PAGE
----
We’re back to winding down the series of things I’m proud of. With this one, I’m more proud of the other person than I am of myself, but I held up my end of the bargain.
I was a new employee at a commercial property company, responsible for training for every function except Sales, primarily focused on Operations and Finance.
An Operations leader told me about the upcoming annual strategic planning meeting the SVP of Operations was having. He said I should be there. This person gave me the meeting details and I put it on my calendar.
Five minutes before the start of the meeting, I showed up. I was just walking through the door when the SVP of Operations saw me, lifted his chin, and said, “What are you doing here?”
I stopped in my tracks, in the doorframe.
My mind struggled for a response. The person who had told me about the meeting was in the room, but I didn’t want to throw him under the bus.
The SVP spoke again.
“You’re HR. You don’t belong here.”
I hesitated, echoes of ‘a seat at the table’ ringing in my ears. Cheeks burning, I turned around and left.
I wish I could say that I developed a strategy for how to win over the SVP but I didn’t. What happened was a phone call.
‘Mike’ was the head of the Engineering function, with about 1000 employees under his leadership. He was also a star in the organization, respected by his boss (the SVP of Operations) as well as the rest of the executive team.
Mike had the foresight to realize that the massive structural change the company was about to undertake would be a huge culture shift. He called to ask my help moving his engineers successfully through the change.
That’s what we did.
We got our proof a year later when the employee engagement scores came out. Every department’s scores went down.
Engineering’s scores went up.
It was time again for the annual Operations strategic planning meeting, and I wanted to talk with Mike about how to approach the SVP about me attending. I partly hoped Mike would ask on my behalf but was ready to make the case for why I should be there.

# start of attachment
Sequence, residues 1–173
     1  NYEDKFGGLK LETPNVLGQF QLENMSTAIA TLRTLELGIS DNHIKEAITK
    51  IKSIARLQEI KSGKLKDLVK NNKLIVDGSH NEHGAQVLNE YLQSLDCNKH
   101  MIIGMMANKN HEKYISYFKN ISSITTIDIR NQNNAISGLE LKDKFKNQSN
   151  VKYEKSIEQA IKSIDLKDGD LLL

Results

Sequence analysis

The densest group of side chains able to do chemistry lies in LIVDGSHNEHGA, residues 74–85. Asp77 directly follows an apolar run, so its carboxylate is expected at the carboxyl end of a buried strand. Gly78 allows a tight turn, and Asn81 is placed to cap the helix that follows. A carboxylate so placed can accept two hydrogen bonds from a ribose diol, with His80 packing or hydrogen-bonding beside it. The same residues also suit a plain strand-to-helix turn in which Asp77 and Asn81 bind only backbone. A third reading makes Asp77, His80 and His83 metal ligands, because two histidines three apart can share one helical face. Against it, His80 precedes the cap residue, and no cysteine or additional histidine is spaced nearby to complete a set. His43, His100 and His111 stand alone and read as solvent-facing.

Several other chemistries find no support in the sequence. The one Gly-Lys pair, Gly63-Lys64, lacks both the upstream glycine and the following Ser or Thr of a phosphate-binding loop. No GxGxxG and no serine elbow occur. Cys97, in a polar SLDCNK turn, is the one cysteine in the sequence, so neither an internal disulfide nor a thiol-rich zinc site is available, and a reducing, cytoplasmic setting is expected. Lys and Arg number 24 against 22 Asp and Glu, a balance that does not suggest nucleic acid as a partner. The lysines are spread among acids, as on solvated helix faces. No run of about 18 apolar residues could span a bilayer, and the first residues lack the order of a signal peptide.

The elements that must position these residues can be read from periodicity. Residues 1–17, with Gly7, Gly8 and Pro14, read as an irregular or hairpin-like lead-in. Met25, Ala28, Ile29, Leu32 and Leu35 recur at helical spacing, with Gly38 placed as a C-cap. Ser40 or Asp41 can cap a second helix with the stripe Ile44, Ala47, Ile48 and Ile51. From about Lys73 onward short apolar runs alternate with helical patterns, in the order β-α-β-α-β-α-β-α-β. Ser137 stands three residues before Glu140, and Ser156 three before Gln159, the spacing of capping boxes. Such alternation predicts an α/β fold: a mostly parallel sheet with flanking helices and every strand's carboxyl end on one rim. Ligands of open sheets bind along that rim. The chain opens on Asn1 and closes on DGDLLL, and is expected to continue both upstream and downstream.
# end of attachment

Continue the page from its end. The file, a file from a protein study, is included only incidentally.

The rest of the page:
Before I got to Mike, my phone rang. It was the SVP of Operations. He said,
“We need you to be there.”
This story is in my mind when I teach my class at UC. Students ask, “What do you do if the CEO talks the talk but doesn’t really care about DEI, and won’t make the investment? Do you quit? Or keep pushing?” Another student will remind us that CEO support is the number one success requirement, and I will feel the hopefulness go out of the room.
I tell them that you must have CEO support to have success at the organizational level. But if you don’t have that, go down a level, to the executive team.
If you can’t find an executive to support your work within their function, then go down another level. Somewhere there is a department head who trusts the business case for diversity, equity, and inclusion.
If you find more than one department head, don’t work with them all. Pick one and make a strategic choice. Pick one that is highly respected by the executives above them. Pick one where you can see a way to make a measurable impact on business results that matter. If you’re lucky, you’ll work with someone like Mike.
Then, make your impact. When you do that, you don’t have to say anything about expanding your area of influence. Executives, and maybe even the CEO, will have already noticed. When you positively impact business results, they will pull you into the room.
Chewing the Cud of Good
Thankful for electricity.